Form Shooting Made Competitive

My daughter Charlotte and I have been trying to get her to shoot the basketball with more arc. If she shoots the ball higher, she increases the room the ball has to go through the hoop.

To shoot the ball higher, she needs to make sure her hand is under the ball, and she needs to lift her elbow. She needs to shoot the ball more up and to the hoop than, say, pushing it out and toward the hoop.

Charlotte needs to build some new habits (especially elbow lift), and so we have added a form shooting segment to our daily workouts to try and build a new habit. Research suggests that she needs to focus on the new habit she is trying to build for approximately thirty days. For the form shooting segment of her workouts, we are thinking pretty much only about arc and elbow lift. The downside of form shooting everyday is that it can get pretty boring.

Sometimes, I think players have to get over being bored when the are trying to create a new habit. However, one way to beat boredom is to create a competition. My kids and I came up with the following “game” for form shooting:

  • 5 shots from short, medium, and long for a total of 15 shots
  • 1 point if the ball has high arc (we look for over the top of the backboard or the roofline of our house)
  • 1 point if the ball goes in
  • 1 point if the ball swishes

As soon as we implemented this point system, the girls started making more shots and showing more enthusiasm for their work. As soon as form shooting became a game, the girls’ focus improved.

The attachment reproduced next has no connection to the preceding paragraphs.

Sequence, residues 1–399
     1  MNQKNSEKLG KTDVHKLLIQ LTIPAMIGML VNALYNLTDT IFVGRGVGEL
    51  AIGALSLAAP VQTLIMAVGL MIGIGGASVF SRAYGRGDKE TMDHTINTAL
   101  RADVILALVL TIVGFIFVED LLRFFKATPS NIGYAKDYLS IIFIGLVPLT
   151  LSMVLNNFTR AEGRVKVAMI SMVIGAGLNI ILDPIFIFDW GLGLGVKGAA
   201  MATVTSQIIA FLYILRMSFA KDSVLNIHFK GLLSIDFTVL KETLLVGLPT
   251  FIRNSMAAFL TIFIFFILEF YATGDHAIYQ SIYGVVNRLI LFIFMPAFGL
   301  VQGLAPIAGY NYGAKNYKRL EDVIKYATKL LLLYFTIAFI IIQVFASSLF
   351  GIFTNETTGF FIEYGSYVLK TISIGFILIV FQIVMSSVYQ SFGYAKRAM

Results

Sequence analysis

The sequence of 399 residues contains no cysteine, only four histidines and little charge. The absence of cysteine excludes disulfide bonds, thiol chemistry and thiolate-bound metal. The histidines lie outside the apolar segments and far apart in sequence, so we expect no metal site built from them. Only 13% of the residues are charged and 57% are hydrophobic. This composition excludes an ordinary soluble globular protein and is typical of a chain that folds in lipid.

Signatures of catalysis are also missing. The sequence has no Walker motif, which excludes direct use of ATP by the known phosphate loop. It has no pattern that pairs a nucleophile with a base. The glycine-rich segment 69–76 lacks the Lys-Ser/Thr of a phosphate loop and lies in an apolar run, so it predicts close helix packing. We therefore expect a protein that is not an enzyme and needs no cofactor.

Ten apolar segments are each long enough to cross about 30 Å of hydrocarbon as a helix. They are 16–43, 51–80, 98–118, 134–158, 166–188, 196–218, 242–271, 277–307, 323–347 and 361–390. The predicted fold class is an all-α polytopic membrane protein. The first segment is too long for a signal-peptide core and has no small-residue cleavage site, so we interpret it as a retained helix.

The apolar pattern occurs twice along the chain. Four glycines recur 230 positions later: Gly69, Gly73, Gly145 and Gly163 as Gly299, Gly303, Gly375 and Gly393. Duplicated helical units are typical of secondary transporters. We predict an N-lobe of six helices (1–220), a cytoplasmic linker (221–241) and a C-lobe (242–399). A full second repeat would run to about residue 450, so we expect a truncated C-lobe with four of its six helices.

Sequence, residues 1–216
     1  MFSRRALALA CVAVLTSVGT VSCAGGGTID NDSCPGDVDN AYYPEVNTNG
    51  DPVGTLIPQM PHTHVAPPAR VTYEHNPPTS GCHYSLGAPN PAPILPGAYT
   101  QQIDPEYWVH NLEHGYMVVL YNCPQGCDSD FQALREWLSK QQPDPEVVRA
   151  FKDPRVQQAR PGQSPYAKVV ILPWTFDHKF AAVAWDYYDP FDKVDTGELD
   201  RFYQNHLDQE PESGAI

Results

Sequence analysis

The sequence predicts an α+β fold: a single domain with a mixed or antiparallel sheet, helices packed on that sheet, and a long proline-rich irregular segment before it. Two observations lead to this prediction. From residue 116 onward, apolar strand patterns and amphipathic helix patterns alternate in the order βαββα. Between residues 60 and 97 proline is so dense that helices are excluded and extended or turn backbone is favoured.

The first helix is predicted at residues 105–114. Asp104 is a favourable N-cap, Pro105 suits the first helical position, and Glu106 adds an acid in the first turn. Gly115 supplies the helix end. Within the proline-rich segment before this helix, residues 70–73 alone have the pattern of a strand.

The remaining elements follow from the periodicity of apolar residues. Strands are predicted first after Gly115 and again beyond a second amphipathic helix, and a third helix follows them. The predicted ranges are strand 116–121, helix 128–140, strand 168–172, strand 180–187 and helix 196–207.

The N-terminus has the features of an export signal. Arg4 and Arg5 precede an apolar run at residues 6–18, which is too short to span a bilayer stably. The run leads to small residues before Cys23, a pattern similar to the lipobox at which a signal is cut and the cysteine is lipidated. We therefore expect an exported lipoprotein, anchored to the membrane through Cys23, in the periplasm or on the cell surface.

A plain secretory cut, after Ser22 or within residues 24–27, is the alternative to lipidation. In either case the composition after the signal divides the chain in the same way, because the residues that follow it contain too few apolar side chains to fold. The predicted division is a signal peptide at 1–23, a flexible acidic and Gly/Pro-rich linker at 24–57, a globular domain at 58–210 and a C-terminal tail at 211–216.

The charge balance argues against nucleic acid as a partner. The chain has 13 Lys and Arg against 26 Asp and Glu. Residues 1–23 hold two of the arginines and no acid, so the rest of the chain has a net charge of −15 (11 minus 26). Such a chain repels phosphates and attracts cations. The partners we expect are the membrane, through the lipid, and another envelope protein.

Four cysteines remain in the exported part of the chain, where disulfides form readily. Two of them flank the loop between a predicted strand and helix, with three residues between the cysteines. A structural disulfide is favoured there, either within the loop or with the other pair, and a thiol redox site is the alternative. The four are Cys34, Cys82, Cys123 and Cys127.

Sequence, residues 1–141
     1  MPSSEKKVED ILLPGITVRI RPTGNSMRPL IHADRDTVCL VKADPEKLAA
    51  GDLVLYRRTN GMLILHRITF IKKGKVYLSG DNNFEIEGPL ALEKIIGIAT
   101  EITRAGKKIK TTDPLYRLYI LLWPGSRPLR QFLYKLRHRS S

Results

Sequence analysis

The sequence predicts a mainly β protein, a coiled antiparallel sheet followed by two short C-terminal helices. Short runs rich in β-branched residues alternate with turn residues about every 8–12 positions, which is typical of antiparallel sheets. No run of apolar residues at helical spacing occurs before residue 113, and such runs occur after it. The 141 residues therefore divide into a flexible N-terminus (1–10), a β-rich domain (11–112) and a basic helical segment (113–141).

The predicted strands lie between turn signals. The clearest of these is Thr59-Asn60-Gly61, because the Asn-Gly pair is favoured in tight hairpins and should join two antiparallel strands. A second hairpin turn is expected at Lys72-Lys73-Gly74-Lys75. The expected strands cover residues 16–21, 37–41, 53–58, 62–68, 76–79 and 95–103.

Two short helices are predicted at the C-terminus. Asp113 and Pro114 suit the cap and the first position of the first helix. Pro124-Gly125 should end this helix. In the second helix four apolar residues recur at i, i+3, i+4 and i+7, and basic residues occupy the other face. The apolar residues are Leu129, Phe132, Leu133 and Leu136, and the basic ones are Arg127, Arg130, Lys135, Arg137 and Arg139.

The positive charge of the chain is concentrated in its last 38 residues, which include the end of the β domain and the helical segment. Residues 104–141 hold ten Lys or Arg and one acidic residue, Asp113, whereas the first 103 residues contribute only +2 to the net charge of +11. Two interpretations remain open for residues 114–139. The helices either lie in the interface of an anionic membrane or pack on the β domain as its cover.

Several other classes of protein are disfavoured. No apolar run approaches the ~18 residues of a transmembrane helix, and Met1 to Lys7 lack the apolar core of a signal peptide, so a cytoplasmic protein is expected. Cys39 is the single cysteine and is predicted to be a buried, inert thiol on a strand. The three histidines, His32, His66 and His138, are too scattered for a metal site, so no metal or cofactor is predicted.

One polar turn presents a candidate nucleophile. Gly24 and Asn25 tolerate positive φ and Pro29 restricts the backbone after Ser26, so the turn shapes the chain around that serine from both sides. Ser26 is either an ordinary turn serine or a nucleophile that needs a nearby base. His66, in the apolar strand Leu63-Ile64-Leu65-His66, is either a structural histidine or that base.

Fourteen Things to Do in Your Basketball Practice

Perfect Practice Series Part II

basketball practice list of things to do

  1. Greet the players enthusiastically as they enter the practice space. 
  2. Huddle up for (in non coronavirus times) high fives, fist bumps, and talk about what’s important for the day. 
  3. Encourage players to be positive vocally, physically, and with their body language. 
  4. Get loose by starting slow and facilitate or make space for small talk that builds relationships. 
  5. Handle the ball, pass, and catch. Practice these skills on the move. 
  6. Finish fast break layups, offensive rebounds, post moves, and pay extra attention to the weak hand.  
  7. Teach and practice shooting from a set position, on the move, and off the dribble. 
  8. Teach BBHS offensive tools while practicing defensive situations. BBHS stands for Basket cuts, ball screens, handoffs, and screens off the ball. 
  9. Use dummy (non-live) situations into live play. Drill a concept such as playing a switch in a ball screen until it looks like you want it and then call, “live.” Allow for at least one trip down and back of live play. Much of a basketball game is played by converting from one end to the other. 
  10. Offensive 5 on 5 play with restrictions. The offense must meet a restriction before shooting. An example of a restriction might be three good screens off the ball or a post touch before a shot. Players should always get layups when they can. 
  11. Defensive slides into live play. I’ll take one of our defenses such as man to man, a full court zone press, or a 1-3-1 zone and slide versus an offensive pattern until I call, “live.” Again, I try to convert at least one down and back.  
  12. Practice live out of bounds plays with conversions. 
  13. End the practice on a positive note such as a player scoring, a great pass, or a standout hustle play. 
  14. Huddle up for more fist bumps, slaps, and take time to look back on the practice and look ahead to whatever is next.